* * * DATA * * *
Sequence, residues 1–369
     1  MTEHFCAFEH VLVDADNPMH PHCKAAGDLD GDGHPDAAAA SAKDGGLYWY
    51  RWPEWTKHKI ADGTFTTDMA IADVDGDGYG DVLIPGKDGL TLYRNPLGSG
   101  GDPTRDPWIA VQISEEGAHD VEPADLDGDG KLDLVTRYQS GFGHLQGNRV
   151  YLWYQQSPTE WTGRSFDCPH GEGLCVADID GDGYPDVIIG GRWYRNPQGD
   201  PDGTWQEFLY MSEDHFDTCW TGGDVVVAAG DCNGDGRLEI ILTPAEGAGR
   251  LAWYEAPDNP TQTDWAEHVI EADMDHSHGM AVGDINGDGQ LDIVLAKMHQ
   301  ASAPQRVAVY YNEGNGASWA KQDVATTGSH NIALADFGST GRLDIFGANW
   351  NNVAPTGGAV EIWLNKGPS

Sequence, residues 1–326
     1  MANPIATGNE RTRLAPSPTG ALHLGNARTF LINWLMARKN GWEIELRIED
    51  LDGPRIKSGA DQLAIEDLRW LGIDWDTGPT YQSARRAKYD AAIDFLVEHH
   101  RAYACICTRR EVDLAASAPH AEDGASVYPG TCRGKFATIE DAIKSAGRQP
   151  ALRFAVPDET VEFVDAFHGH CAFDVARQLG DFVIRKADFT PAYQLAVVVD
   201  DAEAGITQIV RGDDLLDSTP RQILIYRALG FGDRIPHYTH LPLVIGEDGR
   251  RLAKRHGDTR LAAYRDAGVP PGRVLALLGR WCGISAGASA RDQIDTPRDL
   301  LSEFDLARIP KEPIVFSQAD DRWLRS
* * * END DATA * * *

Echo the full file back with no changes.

Sequence, residues 1–369
     1  MTEHFCAFEH VLVDADNPMH PHCKAAGDLD GDGHPDAAAA SAKDGGLYWY
    51  RWPEWTKHKI ADGTFTTDMA IADVDGDGYG DVLIPGKDGL TLYRNPLGSG
   101  GDPTRDPWIA VQISEEGAHD VEPADLDGDG KLDLVTRYQS GFGHLQGNRV
   151  YLWYQQSPTE WTGRSFDCPH GEGLCVADID GDGYPDVIIG GRWYRNPQGD
   201  PDGTWQEFLY MSEDHFDTCW TGGDVVVAAG DCNGDGRLEI ILTPAEGAGR
   251  LAWYEAPDNP TQTDWAEHVI EADMDHSHGM AVGDINGDGQ LDIVLAKMHQ
   301  ASAPQRVAVY YNEGNGASWA KQDVATTGSH NIALADFGST GRLDIFGANW
   351  NNVAPTGGAV EIWLNKGPS

Sequence, residues 1–326
     1  MANPIATGNE RTRLAPSPTG ALHLGNARTF LINWLMARKN GWEIELRIED
    51  LDGPRIKSGA DQLAIEDLRW LGIDWDTGPT YQSARRAKYD AAIDFLVEHH
   101  RAYACICTRR EVDLAASAPH AEDGASVYPG TCRGKFATIE DAIKSAGRQP
   151  ALRFAVPDET VEFVDAFHGH CAFDVARQLG DFVIRKADFT PAYQLAVVVD
   201  DAEAGITQIV RGDDLLDSTP RQILIYRALG FGDRIPHYTH LPLVIGEDGR
   251  RLAKRHGDTR LAAYRDAGVP PGRVLALLGR WCGISAGASA RDQIDTPRDL
   301  LSEFDLARIP KEPIVFSQAD DRWLRS